Contribution to children's literature enhance dialogue with world

China's contribution to children's literature can enhance the country's dialogue with the world, experts said on Wednesday at the Bologna Children's Book Fair in Italy.

Earlier this week, Peking University professor Cao Wenxuan, 62, was named at the fair as winner of the 2016 Hans Christian Andersen Prize, a biennial award - a gold medallion presented by the Queen of Denmark - given to a living author for a "lasting contribution to children's literature."

"The Chinese children's literature is a very developing and international field, there are a lot of books coming in from overseas and being published in China," said Harriet Petty, international relationships department manager at Beijing-based China Children's Book Expo, an annual exposition which held its first edition in China in May last year.

"And actually one of the focuses of our expo is trying to get more Chinese books out into the rest of the world as well," said Petty, who is from England.

"There are a lot of really beautiful works, amazing illustrators in China and very talented writers, both young and established ones.I think the rest of the world would be interested in,"she said.

Petty defined Chinese professionals in this field as very open to work with foreigners, in a very welcoming environment.

Jacopo Della Ragione, creative director at the China Children's Book Expo, noted that China has not the same long tradition in publishing children's books as Italy has. For this reason, China's publishers are facing some difficulties, the Italian said.

"They are a lot, eager to have more international contents, and they are a bit afraid to create new things," he said.

But by living and working in China, Della Ragione, who comes from a graphic design background, has observed that Chinese people learn very fast.

"I remember that Chinese graphic designers would see Italian design as something unachievable at the beginning, yet they were learning and improving at very fast pace. It is just a matter of a few years, and the Western world is going to be in a situation where we are learning from what is coming from China," he said.

Industry professionals, Della Ragione went on saying, play a key role in improving the quality of children's books in maintaining the attention focused on children, and on creating a habit of reading books.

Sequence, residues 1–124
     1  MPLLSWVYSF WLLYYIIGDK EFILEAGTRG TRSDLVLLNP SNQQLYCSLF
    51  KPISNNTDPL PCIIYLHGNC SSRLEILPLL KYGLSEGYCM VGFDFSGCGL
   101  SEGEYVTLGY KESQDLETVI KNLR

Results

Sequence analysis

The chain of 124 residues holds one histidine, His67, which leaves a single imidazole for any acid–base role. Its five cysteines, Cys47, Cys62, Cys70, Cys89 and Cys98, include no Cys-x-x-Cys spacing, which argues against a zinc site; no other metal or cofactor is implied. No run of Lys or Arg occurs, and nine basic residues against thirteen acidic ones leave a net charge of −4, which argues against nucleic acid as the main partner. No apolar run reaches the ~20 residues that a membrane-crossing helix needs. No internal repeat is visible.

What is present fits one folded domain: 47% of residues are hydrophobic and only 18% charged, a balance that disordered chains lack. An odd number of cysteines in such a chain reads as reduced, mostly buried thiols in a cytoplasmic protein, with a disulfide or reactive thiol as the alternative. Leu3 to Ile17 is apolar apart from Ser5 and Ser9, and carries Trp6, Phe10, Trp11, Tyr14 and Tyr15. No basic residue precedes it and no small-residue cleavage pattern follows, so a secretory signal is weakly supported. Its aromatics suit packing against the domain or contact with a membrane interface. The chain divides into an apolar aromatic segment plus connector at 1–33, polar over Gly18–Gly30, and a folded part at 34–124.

In his view, it is particularly important to encourage Chinese children to develop their own style and creativity besides visual techniques. "We work a lot with them, and I think they are very smart, they like to learn and grasp tools such as the English language. I think they are going to take over the world," he said.

"My office is in charge of selling rights, we sell to publishers in China and we have been doing so for many years," said LeeAnn Bortolussi, international foreign rights manager at Giunti Editore Group, Italy's largest publisher of children's books which on Wednesday signed a memorandum of understanding with China Publishing Group at the Bologna Children's Book Fair.

"China's publishers in themselves are fantastic, and I must say that we would not be where we are today without the help of very good Chinese agents who collaborate with us," the American said.

"Chinese publishers always want to know from us which books have sold the best, which books have received awards, and they always want to know a lot about the authors and the illustrators. I think this curiosity shows how much they care deeply and know the importance of children's books," said Bortolussi.

"And so we take our best titles, our best sellers, and also the things that we think communicate most a kind of international feeling of goodwill, growth and happiness for children," she said.

No comments:

Post a Comment